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The Metaphor of Circe as the Court in some Works by Giovanni Benedetto Castiglione

Giovanni Benedetto Castiglione (1609-1664) explored the story of Circe with Ulysses’ companions turned into animals in a group of paintings and a print that showcase both his virtuoso style and his penchant for unusual iconographic solutions. Castiglione’s fascination with Circe’s transformative power does not simply reflect contemporary trends, but it relates to the artist’s engagement with the depiction of myths of metamorphosis, which he would have encountered via various illustrated Italian editions of Ovid’s book and other works of art.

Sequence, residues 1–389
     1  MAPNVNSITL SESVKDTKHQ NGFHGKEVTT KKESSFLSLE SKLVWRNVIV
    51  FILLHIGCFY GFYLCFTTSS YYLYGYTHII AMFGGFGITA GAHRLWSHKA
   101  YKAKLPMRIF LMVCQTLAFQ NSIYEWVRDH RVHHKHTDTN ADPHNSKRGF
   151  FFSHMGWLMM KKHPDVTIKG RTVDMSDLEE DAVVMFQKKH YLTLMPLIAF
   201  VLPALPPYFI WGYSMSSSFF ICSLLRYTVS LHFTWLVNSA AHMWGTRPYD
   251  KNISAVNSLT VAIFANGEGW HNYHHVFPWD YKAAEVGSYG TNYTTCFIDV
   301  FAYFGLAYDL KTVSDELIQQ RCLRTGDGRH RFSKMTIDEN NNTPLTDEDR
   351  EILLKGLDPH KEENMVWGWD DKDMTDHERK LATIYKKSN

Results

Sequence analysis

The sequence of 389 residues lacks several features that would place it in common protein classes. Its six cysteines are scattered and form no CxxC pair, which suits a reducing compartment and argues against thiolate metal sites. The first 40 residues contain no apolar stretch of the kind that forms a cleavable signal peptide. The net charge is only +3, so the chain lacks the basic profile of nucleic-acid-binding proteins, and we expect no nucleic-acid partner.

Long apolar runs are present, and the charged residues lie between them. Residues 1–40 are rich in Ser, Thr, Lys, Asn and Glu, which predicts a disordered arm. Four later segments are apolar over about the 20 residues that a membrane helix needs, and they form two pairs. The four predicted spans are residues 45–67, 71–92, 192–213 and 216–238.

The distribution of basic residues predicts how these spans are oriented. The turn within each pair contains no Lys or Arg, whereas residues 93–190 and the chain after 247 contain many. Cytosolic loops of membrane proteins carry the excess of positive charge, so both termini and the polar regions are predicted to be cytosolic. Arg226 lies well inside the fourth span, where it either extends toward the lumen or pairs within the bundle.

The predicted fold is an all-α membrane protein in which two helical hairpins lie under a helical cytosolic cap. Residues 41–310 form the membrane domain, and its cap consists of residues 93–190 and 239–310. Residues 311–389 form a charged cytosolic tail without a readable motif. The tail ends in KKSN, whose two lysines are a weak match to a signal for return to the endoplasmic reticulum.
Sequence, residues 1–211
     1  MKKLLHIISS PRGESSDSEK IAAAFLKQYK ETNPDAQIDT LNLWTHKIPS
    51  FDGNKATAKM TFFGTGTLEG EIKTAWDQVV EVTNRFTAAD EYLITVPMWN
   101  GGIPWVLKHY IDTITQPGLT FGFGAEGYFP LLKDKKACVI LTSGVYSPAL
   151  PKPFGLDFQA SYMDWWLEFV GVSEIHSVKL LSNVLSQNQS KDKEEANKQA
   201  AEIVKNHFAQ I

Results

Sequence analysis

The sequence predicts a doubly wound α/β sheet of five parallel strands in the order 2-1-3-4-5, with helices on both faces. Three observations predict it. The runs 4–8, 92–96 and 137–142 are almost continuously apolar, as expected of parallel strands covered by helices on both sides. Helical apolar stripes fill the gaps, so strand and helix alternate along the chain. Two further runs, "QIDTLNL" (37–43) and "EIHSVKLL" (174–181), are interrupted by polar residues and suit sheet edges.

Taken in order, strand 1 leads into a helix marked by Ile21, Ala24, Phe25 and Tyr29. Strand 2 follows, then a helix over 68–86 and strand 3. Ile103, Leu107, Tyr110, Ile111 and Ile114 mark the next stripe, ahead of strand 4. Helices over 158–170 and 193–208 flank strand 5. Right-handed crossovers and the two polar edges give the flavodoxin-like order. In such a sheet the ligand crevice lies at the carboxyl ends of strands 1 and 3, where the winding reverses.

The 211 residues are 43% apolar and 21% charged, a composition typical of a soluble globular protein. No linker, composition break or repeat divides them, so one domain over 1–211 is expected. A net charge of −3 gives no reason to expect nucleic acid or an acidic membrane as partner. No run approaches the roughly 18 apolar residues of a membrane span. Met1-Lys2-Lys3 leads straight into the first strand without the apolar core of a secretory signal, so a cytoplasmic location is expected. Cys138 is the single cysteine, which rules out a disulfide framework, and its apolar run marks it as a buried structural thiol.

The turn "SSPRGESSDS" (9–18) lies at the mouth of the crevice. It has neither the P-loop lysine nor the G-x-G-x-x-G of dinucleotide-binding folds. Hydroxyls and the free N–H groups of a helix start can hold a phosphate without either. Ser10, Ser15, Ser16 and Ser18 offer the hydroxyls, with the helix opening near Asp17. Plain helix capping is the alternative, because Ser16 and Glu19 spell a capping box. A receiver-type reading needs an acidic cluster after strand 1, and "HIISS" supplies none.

This paper will analyse Castiglione’s treatments of Circe with the animals in light of contemporary intellectual debates regarding the dialogue between human consciousness and animal behaviour, as encountered, in particular, in the writings of Agostino Mascardi and his Roman circle. Building on these insights, I will suggest a reading of Castiglione’s sorceress as a sophisticated metaphor for the Court, inspirer of those vain ambitions that lead to animal baseness.
Relevant research areas: Western Europe, Baroque, Etching